Monthly Archives: November 2011
Posted November 30th, 2011
Good news for Bray residents and the wider community – After a quarter of a century of waiting, important flood prevention measures to be delivered by Fine Gael-led Government
Wicklow Fine Gael TD, Simon Harris has announced that funds have been ring-fenced by the Office of Public Works to deliver the long-awaited Dargle Flood Protection Scheme in Bray, Co. Wicklow.
Speaking on this issue, Deputy Harris said, “For over a quarter of century, the residents of Bray have been left waiting for these important flood protection works. Finally, the wait is over and subject to the tendering process; the scheme will begin in 2012 and will be fully completed. No doubt, this news will come as a great relief to many Bray residents living near the Dargle River but also to the broader town, the business community and the local authority.”
“Since my election to Dáil Éireann, I have raised the urgent need for this scheme with the Minister for the Office of Public Works, Brian Hayes TD on numerous occasions by Parliamentary Question, by correspondence and in person. In these difficult economic times with very constrained resources, I was determined that Bray would not be overlooked. A delegation from Bray Town Council including my colleague, Cllr Mick Glynn met with Minister Hayes earlier this year as part of our ongoing efforts to advise the OPW of the absolute necessity of these works. I am pleased that these multiple representations have now paid off for the town of Bray,” stated Deputy Harris.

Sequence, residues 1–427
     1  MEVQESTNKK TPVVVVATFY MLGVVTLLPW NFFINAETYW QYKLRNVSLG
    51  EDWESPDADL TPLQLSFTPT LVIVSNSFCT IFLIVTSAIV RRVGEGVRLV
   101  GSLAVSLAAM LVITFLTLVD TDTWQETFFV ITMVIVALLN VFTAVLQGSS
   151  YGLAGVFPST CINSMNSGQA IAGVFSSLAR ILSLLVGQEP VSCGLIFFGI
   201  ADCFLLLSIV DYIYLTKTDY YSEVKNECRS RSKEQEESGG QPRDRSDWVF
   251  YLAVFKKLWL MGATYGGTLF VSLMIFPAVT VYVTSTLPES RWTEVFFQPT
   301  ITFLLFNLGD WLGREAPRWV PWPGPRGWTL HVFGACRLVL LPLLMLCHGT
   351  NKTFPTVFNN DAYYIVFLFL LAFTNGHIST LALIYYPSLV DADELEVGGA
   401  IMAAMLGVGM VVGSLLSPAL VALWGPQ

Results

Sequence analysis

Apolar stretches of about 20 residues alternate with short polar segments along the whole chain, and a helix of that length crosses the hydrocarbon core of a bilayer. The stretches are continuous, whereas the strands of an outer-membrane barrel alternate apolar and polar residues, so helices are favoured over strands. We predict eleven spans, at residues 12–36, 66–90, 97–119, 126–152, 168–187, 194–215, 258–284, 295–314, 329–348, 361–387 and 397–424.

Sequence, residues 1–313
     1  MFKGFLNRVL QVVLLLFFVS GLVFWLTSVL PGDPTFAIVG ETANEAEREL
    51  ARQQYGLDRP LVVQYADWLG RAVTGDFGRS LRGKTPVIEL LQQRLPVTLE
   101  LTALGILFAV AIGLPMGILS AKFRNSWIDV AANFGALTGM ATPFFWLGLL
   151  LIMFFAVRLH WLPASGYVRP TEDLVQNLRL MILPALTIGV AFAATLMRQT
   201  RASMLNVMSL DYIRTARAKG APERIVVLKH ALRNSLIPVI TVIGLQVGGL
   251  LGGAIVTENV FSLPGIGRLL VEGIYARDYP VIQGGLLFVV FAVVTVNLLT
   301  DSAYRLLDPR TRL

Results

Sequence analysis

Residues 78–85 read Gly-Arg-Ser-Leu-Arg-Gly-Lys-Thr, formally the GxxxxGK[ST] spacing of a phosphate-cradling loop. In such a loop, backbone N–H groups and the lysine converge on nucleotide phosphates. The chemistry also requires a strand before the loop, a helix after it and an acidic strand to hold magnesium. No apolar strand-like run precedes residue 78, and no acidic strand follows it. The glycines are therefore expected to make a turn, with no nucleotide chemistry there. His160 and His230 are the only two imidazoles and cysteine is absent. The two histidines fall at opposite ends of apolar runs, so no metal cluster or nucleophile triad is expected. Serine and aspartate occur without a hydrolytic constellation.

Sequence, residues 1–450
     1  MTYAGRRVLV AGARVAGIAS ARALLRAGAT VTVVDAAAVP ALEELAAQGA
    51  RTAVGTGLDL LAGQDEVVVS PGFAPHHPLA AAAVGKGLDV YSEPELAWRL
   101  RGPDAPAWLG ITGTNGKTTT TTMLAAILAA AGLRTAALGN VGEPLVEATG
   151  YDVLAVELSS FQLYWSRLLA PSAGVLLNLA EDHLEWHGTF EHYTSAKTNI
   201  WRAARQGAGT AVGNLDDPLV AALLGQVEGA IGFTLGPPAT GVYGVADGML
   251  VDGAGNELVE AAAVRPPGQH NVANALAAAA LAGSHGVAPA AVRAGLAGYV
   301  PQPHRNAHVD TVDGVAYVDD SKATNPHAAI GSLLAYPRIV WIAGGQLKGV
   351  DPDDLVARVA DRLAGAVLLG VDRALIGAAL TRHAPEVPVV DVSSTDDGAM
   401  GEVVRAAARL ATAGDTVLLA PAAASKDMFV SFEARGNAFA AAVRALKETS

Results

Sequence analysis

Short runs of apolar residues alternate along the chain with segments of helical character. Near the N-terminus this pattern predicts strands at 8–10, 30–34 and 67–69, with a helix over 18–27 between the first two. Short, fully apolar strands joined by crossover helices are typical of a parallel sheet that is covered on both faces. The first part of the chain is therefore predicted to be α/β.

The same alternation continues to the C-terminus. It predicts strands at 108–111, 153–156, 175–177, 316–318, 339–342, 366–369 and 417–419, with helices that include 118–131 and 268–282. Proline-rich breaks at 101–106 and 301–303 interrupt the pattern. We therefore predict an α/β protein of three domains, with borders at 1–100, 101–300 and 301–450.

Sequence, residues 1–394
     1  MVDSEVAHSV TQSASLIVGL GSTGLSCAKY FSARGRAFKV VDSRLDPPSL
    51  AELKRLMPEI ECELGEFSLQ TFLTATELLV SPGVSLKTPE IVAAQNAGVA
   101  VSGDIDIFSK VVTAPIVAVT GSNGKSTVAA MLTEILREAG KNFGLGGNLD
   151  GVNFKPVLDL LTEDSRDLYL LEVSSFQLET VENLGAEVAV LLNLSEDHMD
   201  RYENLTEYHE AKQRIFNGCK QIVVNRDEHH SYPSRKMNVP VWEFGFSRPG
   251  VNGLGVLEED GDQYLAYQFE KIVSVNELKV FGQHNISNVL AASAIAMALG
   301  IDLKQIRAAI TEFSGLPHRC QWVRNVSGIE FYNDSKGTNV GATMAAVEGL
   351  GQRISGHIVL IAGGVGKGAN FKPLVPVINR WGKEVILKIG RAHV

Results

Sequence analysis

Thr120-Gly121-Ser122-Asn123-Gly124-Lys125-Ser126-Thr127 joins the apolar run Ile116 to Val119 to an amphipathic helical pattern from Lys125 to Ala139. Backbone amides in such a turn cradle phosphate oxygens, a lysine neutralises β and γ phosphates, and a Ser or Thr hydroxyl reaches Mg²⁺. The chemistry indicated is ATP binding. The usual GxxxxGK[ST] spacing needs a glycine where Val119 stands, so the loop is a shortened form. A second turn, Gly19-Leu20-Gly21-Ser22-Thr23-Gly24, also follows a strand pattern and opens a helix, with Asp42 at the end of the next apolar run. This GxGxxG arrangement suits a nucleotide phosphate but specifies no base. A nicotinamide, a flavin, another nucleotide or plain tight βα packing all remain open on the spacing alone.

“As a TD for Bray, I would obviously welcome any investment that occurs in the town but this large capital investment in the town is particularly welcome considering the fear, worry and stress of flooding that many residents have had to endure in Bray over a long number of years. Only a matter of weeks ago, the fear of flooding was almost realised yet again in the town,” continued Deputy Harris.
“Now that this funding has been ring-fenced specifically for this project, I will be working closely with Minister Hayes, the OPW and my Fine Gael colleagues on Bray Town Council to ensure the speedy and effective delivery of the Dargle Flood Protection Scheme. For far too long, the people of Bray have been left waiting – today, thankfully, that wait is almost over, funds have been secured and I look forward to the progression of the project,” concluded Deputy Harris.
Posted November 24th, 2011
Fine Gael Wicklow TD, Simon Harris, has welcomed the publication by the National Council of Special Education (NCSE) of an information booklet to help parents understand the supports that are available in schools for children with special needs.